a defamed figure in France. Between the First World War and the 1980s, he was considered nothing more than a neo-Gothic forger. It was only in the 1980s that he regained his stature and reputation in the eyes of art historians and architects, both thanks to new research on art and architecture in the 19th century and thanks to an important exhibition in the Grand Palais that showed the many facets of Viollet -le-Duc's genius, passion, knowledge and talent.

In broader French society, however, his name has largely remained synonymous with neo-medieval silliness. At least five generations, including that of President Macron, were brought up to believe that the faux-Gothic style à la Viollet-le-Duc was fake. This probably explains why, in the hours after the tragedy of the fire on April 15, 2019, the French president had promised to restore Our Lady "even more beautiful" while Prime Minister Edouard Philippe "had created modern architecture" and started the idea of ​​one international competition to design a new tower.

Today Viollet-le-Duc has prevailed and its brilliance is finally recognized. For Philippe Villeneuve, Viollet-Le-Duc's great talent lies in the fact that his work was indistinguishable from that of medieval builders. His tower was unrecognizable; it could go back to the 13th century. “Indeed, many art historians consider Notre-Dame to be a 13th-century work as a 19th-century reinvention. Goodbye to these crazy designs that were cooked in the hours after the fire: from the huge greenhouse to the planted forest for endangered animals, from the cruciform swimming pool filled with rainwater to the tower in the form of a carbon fiber flame covered with golden leaves.

Restoring the tower of Viollet-le-Duc has other advantages: it is the cheapest and fastest option. Viollet-le-Duc always worked within the budget constraints of his time and his exquisite drawings and detailed plans, which have been carefully kept, can be reused. The billions of euros pledged by France's richest families in less than 24 hours after the fire, along with many thousands of more humble benefactors around the world, should help cover the costs with the help of the French state.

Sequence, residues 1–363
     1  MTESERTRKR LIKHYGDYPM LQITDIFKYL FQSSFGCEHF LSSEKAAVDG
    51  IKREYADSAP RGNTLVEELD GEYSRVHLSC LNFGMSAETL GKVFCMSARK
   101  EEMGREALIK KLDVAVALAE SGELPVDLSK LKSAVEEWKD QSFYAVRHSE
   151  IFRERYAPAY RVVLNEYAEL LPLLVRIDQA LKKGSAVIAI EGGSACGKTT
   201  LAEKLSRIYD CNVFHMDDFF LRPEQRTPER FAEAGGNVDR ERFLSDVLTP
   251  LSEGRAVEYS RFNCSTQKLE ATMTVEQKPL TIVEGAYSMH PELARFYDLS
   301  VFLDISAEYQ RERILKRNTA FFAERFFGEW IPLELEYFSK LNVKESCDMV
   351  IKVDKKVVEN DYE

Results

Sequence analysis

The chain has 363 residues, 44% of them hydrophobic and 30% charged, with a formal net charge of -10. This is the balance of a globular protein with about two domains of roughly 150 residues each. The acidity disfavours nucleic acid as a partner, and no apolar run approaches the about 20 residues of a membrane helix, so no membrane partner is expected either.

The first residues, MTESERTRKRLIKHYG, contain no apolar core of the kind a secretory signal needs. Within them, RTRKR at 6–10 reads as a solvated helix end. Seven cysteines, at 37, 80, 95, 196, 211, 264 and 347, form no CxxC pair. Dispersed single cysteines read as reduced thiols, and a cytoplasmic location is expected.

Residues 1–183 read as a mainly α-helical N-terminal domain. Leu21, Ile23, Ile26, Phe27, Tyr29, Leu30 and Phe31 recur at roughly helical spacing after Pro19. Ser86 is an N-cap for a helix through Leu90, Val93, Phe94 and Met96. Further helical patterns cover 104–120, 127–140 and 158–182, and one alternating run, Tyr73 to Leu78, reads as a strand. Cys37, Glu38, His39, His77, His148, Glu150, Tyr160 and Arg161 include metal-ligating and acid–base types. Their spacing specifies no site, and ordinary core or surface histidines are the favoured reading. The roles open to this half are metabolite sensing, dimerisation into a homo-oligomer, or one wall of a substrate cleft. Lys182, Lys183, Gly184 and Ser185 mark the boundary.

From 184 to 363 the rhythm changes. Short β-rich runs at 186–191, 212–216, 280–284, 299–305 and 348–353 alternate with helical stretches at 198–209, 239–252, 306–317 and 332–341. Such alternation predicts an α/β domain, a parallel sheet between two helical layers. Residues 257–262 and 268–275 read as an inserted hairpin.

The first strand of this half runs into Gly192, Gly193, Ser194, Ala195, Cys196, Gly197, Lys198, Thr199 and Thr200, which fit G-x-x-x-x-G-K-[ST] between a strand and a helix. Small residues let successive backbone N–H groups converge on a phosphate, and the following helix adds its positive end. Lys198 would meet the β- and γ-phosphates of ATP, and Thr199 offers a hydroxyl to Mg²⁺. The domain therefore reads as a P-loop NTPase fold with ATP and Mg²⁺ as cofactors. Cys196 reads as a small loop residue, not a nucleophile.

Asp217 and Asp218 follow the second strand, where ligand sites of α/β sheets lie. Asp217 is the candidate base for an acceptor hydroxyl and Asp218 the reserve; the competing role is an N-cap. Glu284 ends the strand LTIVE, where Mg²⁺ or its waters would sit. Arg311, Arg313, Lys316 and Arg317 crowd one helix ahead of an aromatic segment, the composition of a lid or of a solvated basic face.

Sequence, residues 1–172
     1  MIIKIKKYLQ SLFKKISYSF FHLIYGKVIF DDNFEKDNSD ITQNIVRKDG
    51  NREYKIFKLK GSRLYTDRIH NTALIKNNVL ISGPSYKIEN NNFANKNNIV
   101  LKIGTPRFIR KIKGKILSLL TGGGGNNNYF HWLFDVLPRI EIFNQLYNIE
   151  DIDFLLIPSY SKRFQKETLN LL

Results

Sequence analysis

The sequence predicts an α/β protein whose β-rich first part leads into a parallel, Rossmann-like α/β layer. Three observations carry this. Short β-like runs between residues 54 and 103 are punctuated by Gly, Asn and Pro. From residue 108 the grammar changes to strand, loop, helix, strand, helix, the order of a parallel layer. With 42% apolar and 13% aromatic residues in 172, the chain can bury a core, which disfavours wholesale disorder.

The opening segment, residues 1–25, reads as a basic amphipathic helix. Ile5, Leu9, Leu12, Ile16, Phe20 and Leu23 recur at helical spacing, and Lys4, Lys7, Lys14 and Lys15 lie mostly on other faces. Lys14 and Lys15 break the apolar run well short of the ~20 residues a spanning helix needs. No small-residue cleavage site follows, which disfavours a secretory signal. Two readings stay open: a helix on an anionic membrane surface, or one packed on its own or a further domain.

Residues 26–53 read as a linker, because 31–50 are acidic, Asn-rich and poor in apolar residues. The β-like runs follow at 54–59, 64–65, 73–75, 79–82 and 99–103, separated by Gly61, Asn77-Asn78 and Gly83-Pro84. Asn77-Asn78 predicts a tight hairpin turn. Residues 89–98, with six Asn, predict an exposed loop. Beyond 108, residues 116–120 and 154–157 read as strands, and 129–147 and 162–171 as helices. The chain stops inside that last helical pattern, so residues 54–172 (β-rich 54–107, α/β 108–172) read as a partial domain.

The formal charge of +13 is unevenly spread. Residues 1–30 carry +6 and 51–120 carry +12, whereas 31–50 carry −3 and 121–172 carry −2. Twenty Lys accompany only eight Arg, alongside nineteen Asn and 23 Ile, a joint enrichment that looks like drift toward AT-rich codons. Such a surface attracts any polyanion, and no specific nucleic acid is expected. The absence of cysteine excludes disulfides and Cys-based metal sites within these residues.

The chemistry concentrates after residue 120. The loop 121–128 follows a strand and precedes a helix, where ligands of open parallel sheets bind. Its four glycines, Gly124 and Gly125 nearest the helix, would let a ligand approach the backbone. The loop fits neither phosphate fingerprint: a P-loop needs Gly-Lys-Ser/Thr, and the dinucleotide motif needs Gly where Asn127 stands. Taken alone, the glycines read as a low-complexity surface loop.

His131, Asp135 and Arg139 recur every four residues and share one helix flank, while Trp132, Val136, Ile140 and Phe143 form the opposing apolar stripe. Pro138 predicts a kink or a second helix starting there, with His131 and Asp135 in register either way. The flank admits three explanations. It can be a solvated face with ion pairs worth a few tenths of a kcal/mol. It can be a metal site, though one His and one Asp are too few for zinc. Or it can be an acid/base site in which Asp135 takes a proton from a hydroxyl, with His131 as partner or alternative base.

The five-year deadline that President Macron may have wisely set is approaching. Can Notre-Dame be fully restored by 2024? Possibly – but not if there is a further blockage due to corona virus and the construction site has to be closed again for three months.

Last summer, lead contamination meant an initial unexpected closure of the site for six weeks to thoroughly clean all of the surfaces at the top of the Île de la Cité. This spring, the site had to have its 150 artisans return home to protect themselves from Covid. This delayed the most dangerous phase of the work, cutting and removing the 500 tons of melted scaffolding that surrounded the tower at the time of the fire. The operation started in June and should be completed by the end of September.

If everything goes according to plan without scaffolding falling on the vaults below, the structure of Notre-Dame is finally considered to be completely saved. And the restoration can begin.

Another construction site will take place around the cathedral, which is rarely spoken of and which is almost as exciting as the restoration of the cathedral itself to completely redesign the access of Notre-Dame. The cathedral is blessed and cursed by the visit of 14 million tourists a year, and the city of Paris urgently needs to rethink how to better manage the ups and downs in and around the cathedral.

Father Gilles Drouin, an 18th century scholar of architecture and liturgy, was commissioned by the Archbishop of Paris to reinvent the interior of the cathedral when it is reopened for worship. Father Drouin must solve problems that have affected Notre-Dame's reputation for decades: to name but a few: the endless queues of tourists on the Parvis (the courtyard in front of the cathedral) block the passage of the Parisians. the inept and time-consuming security checks at the gates; and the repulsive cheap souvenir shops in the cathedral.

For decades, art historians have been calling for a museum dedicated to the history of Notre-Dame, where their works of art from all centuries, which are lacking in their own space in various museums in France, can finally be reunited. The now empty Hôtel-Dieu, the former hospital in the heart of Paris, which is directly opposite the Parvis, could happily accommodate such a museum.

And why not, for example, use the free parking lot under the Parvis to organize an access point to the cathedral for tourists with shops and facilities?

The next few years will be full of challenges and opportunities for city planners and architects who take care of Notre-Dame de Paris. The French media have come up with a name for it: "The construction site of the century".

Agnès Poirier is the author of Notre-Dame: The soul of France